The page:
By Nancy San Martin, Peter Wallsten and Alfonso Chard | Miami Herald
A growing controversy about the fate of 19 Cuban migrants aboard a Coast Guard cutter has prompted a debate within the Bush administration about its policy of repatriating most Cubans intercepted at sea, according to several administration officials.
It is not clear if the debate will yield a shift in policy, but some administration officials want an end to recurring dilemmas on what to do with Cuban migrants trying to reach the United States.
A White House spokesman said the Bush administration was not changing its migration policy. ‘‘Our policy is one of a safe, orderly and legal migration,’’ said Scott McClellan. “We expect that policy to be implemented and carried out in a consistent way.’’
The debate is the first serious hint of a split within the administration about the controversial Cuban repatriation policy in effect since 1995, when former President Clinton and the Cuban government agreed to new migration accords.
Under the agreement, Cubans stopped at sea are returned to Cuba unless they convince U.S. immigration officers that they have a ‘‘credible fear’’ of persecution if repatriated.
Typically, Cuban migrants are interviewed aboard Coast Guard ships by officers familiar with U.S. asylum procedures.
Cubans with a believable fear of persecution are taken to the U.S. Naval Base at Guantánamo Bay, where their claims are investigated further.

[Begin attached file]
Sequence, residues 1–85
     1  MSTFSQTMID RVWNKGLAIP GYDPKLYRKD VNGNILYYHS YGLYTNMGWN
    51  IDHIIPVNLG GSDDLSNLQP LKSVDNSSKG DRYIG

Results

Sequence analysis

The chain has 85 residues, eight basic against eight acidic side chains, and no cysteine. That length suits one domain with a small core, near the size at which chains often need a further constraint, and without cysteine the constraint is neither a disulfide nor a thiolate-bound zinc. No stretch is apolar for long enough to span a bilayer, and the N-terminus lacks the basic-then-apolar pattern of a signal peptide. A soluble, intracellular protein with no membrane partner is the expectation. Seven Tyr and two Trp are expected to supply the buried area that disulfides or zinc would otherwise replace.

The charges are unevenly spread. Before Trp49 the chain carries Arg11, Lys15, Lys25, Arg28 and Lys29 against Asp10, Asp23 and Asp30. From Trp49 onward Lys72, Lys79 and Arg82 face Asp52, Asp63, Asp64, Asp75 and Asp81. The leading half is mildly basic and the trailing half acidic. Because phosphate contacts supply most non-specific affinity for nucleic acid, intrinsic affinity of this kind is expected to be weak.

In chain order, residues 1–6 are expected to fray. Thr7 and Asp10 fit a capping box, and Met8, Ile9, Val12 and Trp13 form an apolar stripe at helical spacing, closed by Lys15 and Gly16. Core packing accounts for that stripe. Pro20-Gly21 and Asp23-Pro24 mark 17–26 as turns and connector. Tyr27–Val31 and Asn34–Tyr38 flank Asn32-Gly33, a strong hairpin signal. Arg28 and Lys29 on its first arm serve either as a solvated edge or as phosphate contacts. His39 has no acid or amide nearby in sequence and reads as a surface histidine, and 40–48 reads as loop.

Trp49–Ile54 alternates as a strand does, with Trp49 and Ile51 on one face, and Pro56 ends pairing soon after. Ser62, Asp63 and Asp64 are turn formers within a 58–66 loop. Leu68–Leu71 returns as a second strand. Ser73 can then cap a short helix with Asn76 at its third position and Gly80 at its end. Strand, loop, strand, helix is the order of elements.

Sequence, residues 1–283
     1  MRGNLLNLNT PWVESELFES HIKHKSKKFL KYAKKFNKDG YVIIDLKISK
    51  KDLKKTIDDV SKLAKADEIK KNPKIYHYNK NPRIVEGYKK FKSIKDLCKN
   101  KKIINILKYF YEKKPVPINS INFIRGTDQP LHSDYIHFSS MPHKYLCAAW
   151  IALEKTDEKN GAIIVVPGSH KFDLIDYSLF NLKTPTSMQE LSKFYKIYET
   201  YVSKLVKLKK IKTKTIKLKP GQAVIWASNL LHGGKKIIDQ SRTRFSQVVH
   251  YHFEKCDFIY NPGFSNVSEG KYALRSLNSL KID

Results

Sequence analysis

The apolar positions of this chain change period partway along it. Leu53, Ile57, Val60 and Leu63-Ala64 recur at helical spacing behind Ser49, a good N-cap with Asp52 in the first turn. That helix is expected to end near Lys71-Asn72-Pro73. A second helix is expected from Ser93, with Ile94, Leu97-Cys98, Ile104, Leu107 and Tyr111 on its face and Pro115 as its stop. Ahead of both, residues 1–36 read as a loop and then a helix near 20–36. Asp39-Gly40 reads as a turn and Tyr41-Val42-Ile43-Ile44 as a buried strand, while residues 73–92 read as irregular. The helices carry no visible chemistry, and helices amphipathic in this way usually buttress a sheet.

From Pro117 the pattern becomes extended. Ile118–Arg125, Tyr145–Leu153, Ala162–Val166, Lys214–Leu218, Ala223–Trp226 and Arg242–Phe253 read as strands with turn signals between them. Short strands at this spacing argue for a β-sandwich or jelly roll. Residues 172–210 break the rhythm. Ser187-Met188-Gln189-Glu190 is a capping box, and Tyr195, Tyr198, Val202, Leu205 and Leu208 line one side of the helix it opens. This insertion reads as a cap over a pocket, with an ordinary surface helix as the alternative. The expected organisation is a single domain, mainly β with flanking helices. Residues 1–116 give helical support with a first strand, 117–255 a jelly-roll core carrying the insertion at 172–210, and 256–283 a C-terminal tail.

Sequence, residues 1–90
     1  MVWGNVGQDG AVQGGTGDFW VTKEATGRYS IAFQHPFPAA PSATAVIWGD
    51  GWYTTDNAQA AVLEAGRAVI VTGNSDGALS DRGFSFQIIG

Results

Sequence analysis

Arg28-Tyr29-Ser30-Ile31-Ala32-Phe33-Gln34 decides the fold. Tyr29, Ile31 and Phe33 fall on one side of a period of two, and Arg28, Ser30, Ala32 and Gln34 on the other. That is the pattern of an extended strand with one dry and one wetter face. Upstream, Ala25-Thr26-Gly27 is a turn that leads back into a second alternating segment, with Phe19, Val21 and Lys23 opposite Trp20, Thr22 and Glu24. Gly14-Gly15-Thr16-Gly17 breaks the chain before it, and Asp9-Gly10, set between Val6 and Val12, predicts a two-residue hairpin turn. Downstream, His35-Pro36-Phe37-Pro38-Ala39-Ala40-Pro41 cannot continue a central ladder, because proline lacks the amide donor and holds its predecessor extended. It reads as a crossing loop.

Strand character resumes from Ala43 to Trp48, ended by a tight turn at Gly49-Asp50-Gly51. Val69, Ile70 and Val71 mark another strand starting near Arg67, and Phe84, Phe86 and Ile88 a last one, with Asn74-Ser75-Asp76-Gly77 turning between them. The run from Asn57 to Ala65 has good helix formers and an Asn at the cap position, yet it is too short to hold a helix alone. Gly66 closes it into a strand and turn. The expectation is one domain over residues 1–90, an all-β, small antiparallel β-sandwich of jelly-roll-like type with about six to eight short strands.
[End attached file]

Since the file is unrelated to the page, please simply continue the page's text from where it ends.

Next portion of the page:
Before the 1995 agreements, Cuban migrants were rescued at sea and brought to the United States.
Cuban migrants who elude the Coast Guard and reach shore now generally get to stay. The most recent group, numbering 53, landed Thursday near the Ocean Reef Club in Key Largo. They were released from federal detention on Friday, said Barbara González, a spokeswoman for the Bureau of Immigration and Customs Enforcement in Miami.
The debate over the repatriation policy unfolded in Washington as asylum officers continued to interview some of the 19 Cubans held on a Coast Guard cutter after being stopped Monday 44 miles north of Cuba. At least 13 of the Cubans claimed they were members of Cuban dissident groups.
A senior administration official said he believed some of the 19 Cubans would be taken to Guantánamo and others would likely be returned to Cuba.
But some migrants who were initially going to be repatriated were being reinterviewed to make sure nothing was overlooked, according to administration officials.
High level administration members, including national security advisor Condoleezza Rice and chief of staff Andrew Card were involved in discussions about the 19 Cubans, according to officials.
‘‘Based on new information . . . further scrutiny and additional interviews are ongoing,’’ said Steve Vermillion, chief of staff for U.S. Rep. Lincoln Díaz-Balart, a Florida Republican.
It was not clear what the ‘‘new information’’ was, but a senior Homeland Security official emphasized that the new round of interviews did not constitute a change in U.S. policy.
The heightened attention to the migrants appears to stem from the U.S. government’s decision to repatriate 12 suspected Cuban boat hijackers last month. They were returned after the Cuban government assured that the migrants would receive prison sentences no longer than 10 years.
The repatriation elicited criticism from Cuban exile groups, as well as from Gov. Jeb Bush, the president’s brother.